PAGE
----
Or even worse, imagine the case where your database of pre-shared secret keys gets compromised. You then have to establish a new shared key with every single one of your users, all at once. Ouch.

Compare this to, say, the way GitHub uses public-key cryptography to manage access to users' repositories:

  1. Users generate private/public key pairs on their own computer.
  2. Users log in to the website using conventional user authentication mechanisms (e.g., passwords, security tokens, SMS, etc.)
  3. Users can then upload public keys, or delete earlier ones that they'd uploaded.

Notice what you gain in this case:

  • "Self-service": users can add and delete keys at their leisure. Now when your users' keys are compromised they just log in to your site, delete the compromised ones and upload new ones.
  • No secret keys are ever transmitted over the wire. Which implies that you're never storing any secret keys on your side, so if your public key database is disclosed it's not a big deal.
  • You do need a user authentication system, but:
    • That can be outsourced (think of all those websites that allow you to log in with your Google or Facebook credentials);
    • Even if you built one in house, with strong user passwords and proper password storage then a compromise of your password database is would likely be much less damaging than a database of shared secret keys.

But to address your narrower questions, I'd make two observations. First, your hash(message + secret) scheme is insecure. Read up on HMAC, which is a standard and secure way of using a hash function as a message authentication code.

Second, you can avoid replay attacks by incorporating a counter into the message that you compute a MAC over. No need for the random numbers; each client just keeps track of the most recent message number they received from the other party, and rejects messages numbered earlier than the most recent one.

A good MAC will be secure against forgeries. An attacker who sees the messages and tags (but not the key) for...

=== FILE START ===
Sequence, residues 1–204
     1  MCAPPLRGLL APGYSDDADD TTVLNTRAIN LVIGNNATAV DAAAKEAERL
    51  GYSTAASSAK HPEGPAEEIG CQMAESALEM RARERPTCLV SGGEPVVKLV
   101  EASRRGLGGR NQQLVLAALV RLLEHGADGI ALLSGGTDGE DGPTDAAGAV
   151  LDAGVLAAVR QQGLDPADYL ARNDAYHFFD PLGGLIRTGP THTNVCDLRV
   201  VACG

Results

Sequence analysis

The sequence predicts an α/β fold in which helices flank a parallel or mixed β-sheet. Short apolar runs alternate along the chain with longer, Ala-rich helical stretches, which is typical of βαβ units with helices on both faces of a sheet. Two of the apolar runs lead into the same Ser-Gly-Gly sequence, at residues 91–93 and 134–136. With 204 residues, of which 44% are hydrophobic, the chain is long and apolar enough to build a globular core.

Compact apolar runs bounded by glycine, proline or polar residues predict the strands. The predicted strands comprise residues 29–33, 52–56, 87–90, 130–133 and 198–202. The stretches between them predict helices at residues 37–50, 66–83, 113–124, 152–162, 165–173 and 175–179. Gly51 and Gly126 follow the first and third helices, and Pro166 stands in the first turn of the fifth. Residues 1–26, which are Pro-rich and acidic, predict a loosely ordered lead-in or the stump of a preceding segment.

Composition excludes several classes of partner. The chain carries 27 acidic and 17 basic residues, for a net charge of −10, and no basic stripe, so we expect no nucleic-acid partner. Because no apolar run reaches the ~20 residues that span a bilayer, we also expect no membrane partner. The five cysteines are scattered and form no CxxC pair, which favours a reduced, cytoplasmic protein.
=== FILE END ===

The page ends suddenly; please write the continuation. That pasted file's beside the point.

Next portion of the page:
tag[1] = HMAC(key, rand[1] + message[1])
tag[n] = HMAC(key, rand[n] + message[n])

...will not be able to forge a valid

fake_tag = HMAC(key, rand[n+1] + fake_messsage)

even if they can predict rand[n+1]. The unpredictability of the RNG's output gains you nothing. All you need is a way to spot replays—which a counter will do just fine.

  • $\begingroup$ Code of my authorship in PHP. The interpreter comes with a collection of cryptographic hash functions, and hmac too I see, but also needs to be linked with the likes of OpenSSL to do digital signatures. In the wild it usually is, but it looks like HMAC with a message counter (uhh, that's definitely simpler!) will meet my needs while working on 100% of php installations. $\endgroup$
    – mbaynton
    Jul 14, 2016 at 3:02
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    $\begingroup$ There is no reason to use digital signatures here, a MAC is just fine. Why do you strongly suggest signatures in the first paragraph, but then move to talking about MACs? $\endgroup$
    – otus
    Jul 14, 2016 at 4:28
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    $\begingroup$ @otus: I just have a hunch that the questioner is underestimating the challenge of managing all those pre-shared keys, and that a public-key solution may well make things simpler. I'm skeptical of the wisdom of relying on a "one-time secure channel" (as OP puts it) for transmitting a shared secret here; if the channel is truly "one-time," what do you do when an end-user leaks the secret? I would have a hard look at sending public keys over a more repeatable authenticated channel instead. E.g., GitHub's support for password-authenticated users to upload SSH keys for their accounts and repos. $\endgroup$ Jul 14, 2016 at 5:21
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    $\begingroup$ @otus: Fair enough, I've gone ahead and done that. $\endgroup$ Jul 15, 2016 at 1:43